Authors: Joshua D. Fox; Giselle Prado; Katherine L. Baquerizo Nole; Flor Macquahe; Ingrid Herskovitz; Ashley Rosa; Shifa Akhtar; Adam Aldahan; Vidhi Shah; Stephanie Mlacker; Gabriel Cardenas; Robert S. Kirsner
JAMA Dermatology, June 2016
To determine patient preferences for different types of dermatologist attire in dermatology medical, surgical, and wound care clinics. We hypothesized that patients in the dermatology medical setting would prefer professional attire, while patients in the dermatology surgical and wound care setting would prefer surgical scrubs.
Surveys were administered to 261 persons, and 255 participated and completed enough of the questions to be included in the outcome analyses (118 men, 121 women, 22 unknown [did not answer sex question]), mean (SD) age, 56.3 (18.6) years; about 49% of those who reported their sex were men; 56% were Hispanic; and 85% were white. Approximately 72% of respondents held a college degree or higher. About 63%, 24%, and 13% of respondents were medical, surgical, and wound care dermatology patients, respectively. Roughly 73%, 19%, 6%, and 2% of cumulative responses were for professional, surgical, business, and casual attire, respectively.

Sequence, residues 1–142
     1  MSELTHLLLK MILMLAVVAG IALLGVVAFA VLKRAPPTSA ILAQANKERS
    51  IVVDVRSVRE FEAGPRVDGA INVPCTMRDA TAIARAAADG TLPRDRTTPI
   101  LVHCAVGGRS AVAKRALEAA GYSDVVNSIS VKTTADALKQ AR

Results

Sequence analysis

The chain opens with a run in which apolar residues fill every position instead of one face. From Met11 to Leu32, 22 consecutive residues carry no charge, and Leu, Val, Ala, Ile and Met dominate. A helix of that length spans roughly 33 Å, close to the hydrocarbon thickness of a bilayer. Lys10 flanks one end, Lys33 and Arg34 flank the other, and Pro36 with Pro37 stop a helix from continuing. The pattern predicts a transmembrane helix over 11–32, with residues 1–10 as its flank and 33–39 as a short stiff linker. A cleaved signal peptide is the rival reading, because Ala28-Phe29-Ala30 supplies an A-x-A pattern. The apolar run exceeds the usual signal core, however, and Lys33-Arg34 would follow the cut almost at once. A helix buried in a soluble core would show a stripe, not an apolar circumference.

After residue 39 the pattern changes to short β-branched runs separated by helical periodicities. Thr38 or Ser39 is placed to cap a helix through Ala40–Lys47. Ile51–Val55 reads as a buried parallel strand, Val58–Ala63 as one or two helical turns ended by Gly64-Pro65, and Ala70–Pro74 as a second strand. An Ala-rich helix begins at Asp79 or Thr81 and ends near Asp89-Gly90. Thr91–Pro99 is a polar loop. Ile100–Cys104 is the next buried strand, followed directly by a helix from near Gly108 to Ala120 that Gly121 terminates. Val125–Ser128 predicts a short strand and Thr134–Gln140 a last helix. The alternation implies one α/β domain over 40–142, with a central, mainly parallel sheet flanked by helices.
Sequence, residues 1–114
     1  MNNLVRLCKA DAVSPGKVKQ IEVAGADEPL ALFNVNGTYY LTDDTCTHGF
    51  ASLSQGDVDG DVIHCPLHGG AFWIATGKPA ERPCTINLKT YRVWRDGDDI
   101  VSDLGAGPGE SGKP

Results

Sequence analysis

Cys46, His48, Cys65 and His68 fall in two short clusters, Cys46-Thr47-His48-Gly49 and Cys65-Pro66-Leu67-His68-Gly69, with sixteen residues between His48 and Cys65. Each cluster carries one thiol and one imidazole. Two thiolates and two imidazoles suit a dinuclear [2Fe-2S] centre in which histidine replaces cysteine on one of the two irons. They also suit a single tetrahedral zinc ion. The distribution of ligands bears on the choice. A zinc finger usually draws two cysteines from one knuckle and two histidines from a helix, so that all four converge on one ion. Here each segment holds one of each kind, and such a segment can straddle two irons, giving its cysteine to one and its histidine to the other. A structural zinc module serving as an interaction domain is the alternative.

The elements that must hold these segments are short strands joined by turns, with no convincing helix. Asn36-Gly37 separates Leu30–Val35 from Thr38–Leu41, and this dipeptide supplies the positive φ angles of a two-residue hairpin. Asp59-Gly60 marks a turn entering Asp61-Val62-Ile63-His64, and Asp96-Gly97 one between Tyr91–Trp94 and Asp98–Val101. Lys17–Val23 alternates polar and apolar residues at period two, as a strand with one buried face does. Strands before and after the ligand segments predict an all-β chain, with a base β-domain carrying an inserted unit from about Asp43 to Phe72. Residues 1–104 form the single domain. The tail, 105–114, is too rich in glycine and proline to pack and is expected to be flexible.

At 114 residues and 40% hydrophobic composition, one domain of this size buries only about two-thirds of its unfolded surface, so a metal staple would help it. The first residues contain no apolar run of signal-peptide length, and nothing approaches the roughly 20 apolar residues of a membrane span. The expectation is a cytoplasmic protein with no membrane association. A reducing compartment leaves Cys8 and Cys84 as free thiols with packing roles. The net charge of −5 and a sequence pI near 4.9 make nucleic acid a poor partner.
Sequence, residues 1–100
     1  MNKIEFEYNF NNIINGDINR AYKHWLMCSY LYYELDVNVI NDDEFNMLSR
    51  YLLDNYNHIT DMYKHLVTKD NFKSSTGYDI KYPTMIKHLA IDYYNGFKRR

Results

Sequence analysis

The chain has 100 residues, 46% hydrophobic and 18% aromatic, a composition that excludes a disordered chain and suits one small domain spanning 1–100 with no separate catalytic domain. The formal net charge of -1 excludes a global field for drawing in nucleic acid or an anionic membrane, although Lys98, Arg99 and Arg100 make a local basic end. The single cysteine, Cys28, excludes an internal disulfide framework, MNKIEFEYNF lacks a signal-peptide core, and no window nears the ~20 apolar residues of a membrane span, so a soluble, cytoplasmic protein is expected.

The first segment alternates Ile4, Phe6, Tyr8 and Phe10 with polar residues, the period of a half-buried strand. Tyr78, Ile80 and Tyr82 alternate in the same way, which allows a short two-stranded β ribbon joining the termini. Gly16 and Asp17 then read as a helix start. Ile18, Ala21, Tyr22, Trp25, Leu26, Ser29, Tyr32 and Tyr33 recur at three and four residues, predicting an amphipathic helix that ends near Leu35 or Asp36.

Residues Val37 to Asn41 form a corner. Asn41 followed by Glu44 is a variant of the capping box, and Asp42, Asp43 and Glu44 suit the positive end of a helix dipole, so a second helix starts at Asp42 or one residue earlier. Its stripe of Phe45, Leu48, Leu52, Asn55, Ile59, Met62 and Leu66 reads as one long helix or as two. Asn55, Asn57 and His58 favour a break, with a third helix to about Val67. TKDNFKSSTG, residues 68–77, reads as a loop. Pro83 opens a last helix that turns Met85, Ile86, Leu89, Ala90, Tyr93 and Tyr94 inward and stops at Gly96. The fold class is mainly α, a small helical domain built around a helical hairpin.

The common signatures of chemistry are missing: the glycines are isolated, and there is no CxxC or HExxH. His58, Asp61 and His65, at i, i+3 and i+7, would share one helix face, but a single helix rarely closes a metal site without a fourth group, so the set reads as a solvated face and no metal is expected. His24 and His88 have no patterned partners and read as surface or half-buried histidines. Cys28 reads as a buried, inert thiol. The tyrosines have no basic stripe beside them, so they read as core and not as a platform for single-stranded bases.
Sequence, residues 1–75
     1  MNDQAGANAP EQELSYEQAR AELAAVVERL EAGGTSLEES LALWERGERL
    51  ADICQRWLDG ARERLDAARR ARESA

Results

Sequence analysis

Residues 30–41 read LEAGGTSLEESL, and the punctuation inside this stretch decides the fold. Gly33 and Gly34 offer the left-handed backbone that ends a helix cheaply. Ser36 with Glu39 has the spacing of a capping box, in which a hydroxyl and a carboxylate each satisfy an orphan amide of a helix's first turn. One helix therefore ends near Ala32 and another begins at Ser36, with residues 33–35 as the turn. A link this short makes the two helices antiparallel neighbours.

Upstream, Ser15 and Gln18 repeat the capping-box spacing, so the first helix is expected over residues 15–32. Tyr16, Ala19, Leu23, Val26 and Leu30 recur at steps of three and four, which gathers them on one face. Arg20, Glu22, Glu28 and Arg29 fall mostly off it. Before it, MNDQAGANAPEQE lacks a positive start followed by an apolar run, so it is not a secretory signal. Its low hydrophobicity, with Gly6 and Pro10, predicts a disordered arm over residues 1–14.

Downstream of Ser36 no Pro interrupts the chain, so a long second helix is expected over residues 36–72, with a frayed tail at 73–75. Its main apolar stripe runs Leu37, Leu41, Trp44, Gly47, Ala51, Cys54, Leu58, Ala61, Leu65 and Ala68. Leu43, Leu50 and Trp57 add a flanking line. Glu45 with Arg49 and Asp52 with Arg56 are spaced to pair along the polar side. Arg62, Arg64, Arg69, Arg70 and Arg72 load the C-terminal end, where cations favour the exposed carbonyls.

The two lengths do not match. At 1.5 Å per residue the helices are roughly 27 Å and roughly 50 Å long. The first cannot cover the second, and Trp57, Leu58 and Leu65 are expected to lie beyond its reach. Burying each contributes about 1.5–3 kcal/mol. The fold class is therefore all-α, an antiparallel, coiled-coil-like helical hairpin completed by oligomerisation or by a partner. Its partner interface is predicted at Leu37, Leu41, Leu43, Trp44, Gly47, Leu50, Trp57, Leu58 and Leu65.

Respondents who received a picture of a black male or black female physician were more likely to exclusively prefer professional attire: unadjusted odds ratios (ORs) 3.21 (95% CI, 1.39-7.42) and 2.78 (95% CI, 1.18-6.51), respectively, compared with respondents who received a picture of a white male physician.
Non-white and unemployed respondents were less likely to prefer professional attire exclusively: ORs, 0.28 (95% CI, 0.1-0.83) and 0.28 (95% CI 0.08-0.99), respectively.
Respondents preferred professional attire in all clinic settings, though respondents in the dermatology surgery clinic were less likely to prefer professional attire compared with respondents in the medical dermatology clinic: race-adjusted OR, 0.74 (95% CI, 0.56-0.98).
Wound care and medical dermatology respondents preferred professional attire comparably.
Conclusions and Relevance
In this study, most patients preferred professional attire for their dermatologists in most settings. It is possible that patients’ perceptions of their physicians’ knowledge and skill is influenced by the physicians’ appearance, and these perceptions may affect outcomes.